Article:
Mrs PHILLIPS (Gilmore) (19:39): I rise to speak in this place tonight about an all too common and growing
problem in my electorate on the New South Wales South Coast. Tonight, as we go home, hundreds of people
the elderly, the young, families and the vulnerable—will have nowhere to go. On the New South Wales South
Coast, we have the most dedicated workers and volunteers working with the homeless and with people at risk of
homelessness, trying desperately to help people find suitable housing. But when those dedicated people come to
me, collaborating together, and pleading for help, you know we are at crisis point.
As the federal member for Gilmore, I find it reprehensible and beyond belief that we are even in this position.
Eight long years of inaction by the Morrison government, and what does the government have to show for it?
Skyrocketing house prices pushing long-term tenants out of their rental properties with nowhere to go. Many of
these tenants are elderly or vulnerable and just cannot afford the exorbitant rent, making it difficult for young
people to find a place to call home.
The New South Wales South Coast has the lowest rental vacancy rates in Australia. Try and find a place to rent or
afford to buy. It's getting increasingly impossible, particularly for low-income earners, the unemployed and the
vulnerable. When I was elected to this place, I had high hopes that government would be able to change things.
Good governments bring in good policy, but this government has simply failed on the housing crisis on the
New South Wales South Coast. I want to share the thoughts of the Shoalhaven Homelessness Interagency, who
wrote to me recently: 'The strain on our services in being able to find alternative housing solutions is increasing
exponentially and is simply untenable. The chronic shortage of housing has been compounded by increasing
rents in the private rental market, the appallingly low rate of JobSeeker, which limits people's ability to access
housing, and, of course, a shortage of stock available through public and community housing services.' They
continue: 'As a forum, we support dozens people daily who are homeless, at risk of homelessness or living in
unsafe or insecure housing. There are undoubtedly many more who are not known to our service. Our interagency
works collaboratively to offer wraparound services for vulnerable clients. But, without affordable and available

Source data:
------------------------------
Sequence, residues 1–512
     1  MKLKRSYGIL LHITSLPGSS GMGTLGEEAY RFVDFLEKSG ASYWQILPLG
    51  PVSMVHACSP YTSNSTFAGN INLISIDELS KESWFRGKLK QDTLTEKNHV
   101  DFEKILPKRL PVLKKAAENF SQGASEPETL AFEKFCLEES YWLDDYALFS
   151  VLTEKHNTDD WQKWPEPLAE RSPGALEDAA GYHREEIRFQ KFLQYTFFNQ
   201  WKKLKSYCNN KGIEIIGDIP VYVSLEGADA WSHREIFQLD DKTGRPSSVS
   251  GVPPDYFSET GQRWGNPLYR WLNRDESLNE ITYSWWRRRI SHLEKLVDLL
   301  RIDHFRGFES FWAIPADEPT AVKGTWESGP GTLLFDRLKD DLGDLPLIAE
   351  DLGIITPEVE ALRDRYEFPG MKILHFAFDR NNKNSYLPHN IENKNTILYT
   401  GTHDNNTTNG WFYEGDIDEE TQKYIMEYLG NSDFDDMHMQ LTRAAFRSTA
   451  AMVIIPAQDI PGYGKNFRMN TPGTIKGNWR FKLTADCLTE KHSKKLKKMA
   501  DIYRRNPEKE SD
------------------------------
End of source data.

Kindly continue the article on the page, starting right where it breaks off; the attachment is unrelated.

housing, our clients remain in a cycle of preventable homelessness and require more intensive and longer-term
I have many people who contact my office desperate for help. One such case is a single mother from Ulladulla in
the 35 to 40 age bracket with young children. They have been experiencing homelessness since August last year.
Her private rental was sold, and they were unable to find any suitable and affordable rental properties through the
private rental market in the area that she and her kids know. While being on the approved list for priority social
housing, they were informed there was limited housing available in Ulladulla. This mum's temporary emergency
housing was also running out—22 days of temporary accommodation, moving around different motels every
three to four days and competing with tourists, which was difficult as well. I met with this brave mum and
her kids. She is brave. While I can't mention her name, she has a voice. Like so many in this position, they
are frightened to speak out. But she wants change. I wrote to the New South Wales minister for families and
communities seeking what support could be provided, and also with my concerns about the lack of affordable
and social housing, but the reply really just indicated further waits on the New South Wales housing register.
Everybody needs and deserves to have a roof over their head. Sometimes in life, things don't work out as we
planned. Things can change. As a government, we should be judged on how we treat our most vulnerable. Coastal
communities like mine are crying out for help.
Labour's Housing Australia Future Fund, announced by the Leader of the Opposition in the budget reply, is
welcome. This off-budget $10 billion fund will be invested, and the money it makes will build homes, create
jobs and change lives. In the first five years, it will build 20,000 social housing homes, and 4,000 of them will
be for women and children fleeing domestic violence. In the first five years, it will also build 10,000 affordable
homes for our frontline workers and homeless veterans. This is a future fund that will begin to give people in my
electorate more hope about the future. It's the sort of thing this tired, eight-year-old Liberal government should
do and could do, but never will